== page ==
It is also a fact that the makers are unable to sell the story to the audiences and take them into the fold. I wasn’t involved with any of the characters even for a second and the fact that most of the characters are arrogant, irritating, and have no redeeming factor makes them instantly unlikeable. The dialogues between the characters get awfully boring. Anurag Kashyap’s trademark dark comedy was missing. The dynamics between a husband and wife border on being so annoying that it could drive the handful of audiences out of the theater. The only thing that made me wait till the end was to see how it culminated and whether the director was able to bring the entire story full circle and culminate it convincingly.

The climax of the film will not only make you hate the film, even more, but it will also make you question your sense of judgment for having come to watch the film in theaters. The makers push the boundaries of suspension of disbelief to the space. If you are doing that, you need to give the audience enough reasons to be on the same page with you. Sadly the makers are not even able to do that. The result is a film that falls flat on its face.

Taapsee Pannu plays herself in every film these days. She has become the Salman Khan of women-centric films and it is not a good thing. There was a time when I enjoyed her performances in films like Naam ShabanaBaby, etc. I even remember her re-tweeting my appreciation of her performance on Twitter. Sadly, of late she has been playing herself again and again and again with no variation or understanding of different character characters and their uniqueness. There is no feel for the character that she is playing here in her essay. It feels as if she is walking through an already laid path and enacting her character from the pages of the script without thinking about the emotions and the state of mind of the character. For a character like Antara, who is dealing with an otherworldly predicament, there could not have been a worse approach and it proves to be one of the biggest problems with the film. Anurag Kashyap, her long-time collaborator, and friend should have pointed this out to her.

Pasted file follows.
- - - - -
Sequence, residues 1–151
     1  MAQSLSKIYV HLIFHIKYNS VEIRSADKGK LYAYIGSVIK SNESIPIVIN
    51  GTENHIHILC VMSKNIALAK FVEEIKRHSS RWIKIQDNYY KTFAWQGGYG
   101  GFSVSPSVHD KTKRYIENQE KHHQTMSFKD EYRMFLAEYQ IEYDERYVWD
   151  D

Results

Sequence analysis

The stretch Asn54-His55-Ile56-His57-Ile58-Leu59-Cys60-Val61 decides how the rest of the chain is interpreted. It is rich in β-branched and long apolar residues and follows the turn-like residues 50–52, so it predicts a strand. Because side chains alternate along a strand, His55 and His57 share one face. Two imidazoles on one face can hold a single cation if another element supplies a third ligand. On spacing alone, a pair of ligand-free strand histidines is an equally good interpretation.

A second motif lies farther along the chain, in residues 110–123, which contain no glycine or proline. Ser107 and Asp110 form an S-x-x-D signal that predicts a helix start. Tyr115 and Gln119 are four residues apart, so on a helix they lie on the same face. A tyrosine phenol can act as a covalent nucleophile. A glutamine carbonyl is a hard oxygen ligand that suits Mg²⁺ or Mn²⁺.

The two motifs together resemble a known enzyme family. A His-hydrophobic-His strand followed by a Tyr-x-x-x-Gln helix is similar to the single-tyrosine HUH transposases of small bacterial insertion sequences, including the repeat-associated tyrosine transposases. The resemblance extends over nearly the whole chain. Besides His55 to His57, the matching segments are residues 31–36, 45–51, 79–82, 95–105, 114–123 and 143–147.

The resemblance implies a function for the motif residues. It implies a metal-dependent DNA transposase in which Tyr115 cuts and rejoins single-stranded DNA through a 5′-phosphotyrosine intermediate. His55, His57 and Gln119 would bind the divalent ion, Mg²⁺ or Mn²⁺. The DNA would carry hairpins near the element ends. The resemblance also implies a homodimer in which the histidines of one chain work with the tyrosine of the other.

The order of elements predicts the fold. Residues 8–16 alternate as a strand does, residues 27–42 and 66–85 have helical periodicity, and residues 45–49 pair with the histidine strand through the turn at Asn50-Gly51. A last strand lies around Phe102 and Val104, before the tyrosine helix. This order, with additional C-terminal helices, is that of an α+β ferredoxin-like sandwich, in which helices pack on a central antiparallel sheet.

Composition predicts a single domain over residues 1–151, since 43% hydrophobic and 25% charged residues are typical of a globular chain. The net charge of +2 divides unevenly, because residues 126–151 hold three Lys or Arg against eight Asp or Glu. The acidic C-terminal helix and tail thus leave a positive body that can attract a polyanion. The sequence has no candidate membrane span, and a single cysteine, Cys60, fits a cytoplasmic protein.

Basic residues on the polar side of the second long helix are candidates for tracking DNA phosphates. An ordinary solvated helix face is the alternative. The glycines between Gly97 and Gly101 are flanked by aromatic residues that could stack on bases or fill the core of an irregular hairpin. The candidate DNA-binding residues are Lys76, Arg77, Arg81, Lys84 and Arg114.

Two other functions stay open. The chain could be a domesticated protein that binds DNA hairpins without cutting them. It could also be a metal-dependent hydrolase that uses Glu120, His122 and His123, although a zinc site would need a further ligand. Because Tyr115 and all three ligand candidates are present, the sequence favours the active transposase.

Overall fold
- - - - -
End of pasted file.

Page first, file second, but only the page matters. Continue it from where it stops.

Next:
Dobaaraa also feels like a film tailor-made for OTT. There is nothing here in terms of cinematography or the technicalities that need to be experienced on the big screen. It must be added that if you intend to watch it in one go, you should catch it in theaters because once it’s out on OTT, I don’t see anyone watching it in one sitting without any pauses or walking away from it. It is so because it gets so tedious. The ones who will walk away from it will probably not return to finish it as it never grabs your attention or incites your curiosity. This is the worst that Anurag Kashyap has done and if you are a fan, you should probably skip this one. The original is on Netflix and watching that might just be a better bet.

Rating: 2 out of 5.